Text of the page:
I trying to to make the linux memory management a little bit more clear for tuning and performances purposes.
By reading this very interesting redbook "Linux Performance and Tuning Guidelines" found on the IBM website I came across something I don't fully understand.
On 32-bit architectures such as the IA-32, the Linux kernel can directly address only the first gigabyte of physical memory (896 MB when considering the reserved range). Memory above the so-called
ZONE_NORMALmust be mapped into the lower 1 GB. This mapping is completely transparent to applications, but allocating a memory page in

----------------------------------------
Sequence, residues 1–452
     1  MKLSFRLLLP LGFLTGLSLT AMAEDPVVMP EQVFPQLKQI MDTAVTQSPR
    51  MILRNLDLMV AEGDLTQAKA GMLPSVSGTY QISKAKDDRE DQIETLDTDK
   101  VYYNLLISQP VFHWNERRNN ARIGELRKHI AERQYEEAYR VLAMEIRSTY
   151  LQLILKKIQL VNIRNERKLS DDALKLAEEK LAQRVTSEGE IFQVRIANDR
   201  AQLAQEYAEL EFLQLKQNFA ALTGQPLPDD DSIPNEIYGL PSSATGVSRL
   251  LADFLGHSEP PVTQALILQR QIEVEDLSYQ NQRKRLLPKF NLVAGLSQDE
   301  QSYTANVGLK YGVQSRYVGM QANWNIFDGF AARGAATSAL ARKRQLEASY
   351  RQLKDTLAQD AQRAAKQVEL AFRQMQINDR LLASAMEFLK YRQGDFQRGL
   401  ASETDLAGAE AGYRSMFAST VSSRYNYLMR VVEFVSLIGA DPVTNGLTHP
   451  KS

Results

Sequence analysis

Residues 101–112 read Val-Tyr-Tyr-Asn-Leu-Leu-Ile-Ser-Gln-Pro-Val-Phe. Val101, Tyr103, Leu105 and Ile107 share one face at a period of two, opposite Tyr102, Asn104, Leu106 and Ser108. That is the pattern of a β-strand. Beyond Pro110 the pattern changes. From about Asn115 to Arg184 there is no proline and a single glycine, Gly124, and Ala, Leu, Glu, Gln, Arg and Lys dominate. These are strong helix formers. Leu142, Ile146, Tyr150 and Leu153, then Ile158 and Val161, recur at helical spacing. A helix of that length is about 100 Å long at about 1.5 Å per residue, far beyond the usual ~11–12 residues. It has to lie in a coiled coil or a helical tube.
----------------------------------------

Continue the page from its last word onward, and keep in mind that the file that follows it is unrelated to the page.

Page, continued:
ZONE_HIGHMEMcauses a small performance degradation.
- why the memory above 896 MB has to be mapped into the lower 1GB ?
- Why there is an impact on performances by allocating a memory page in
- what is the
ZONE_HIGHMEMused for then ?
- why a kernel that is able to recognize up to 4gb (
CONFIG_HIGHMEM=y) can just use the first gigabyte ?
Thanks in advance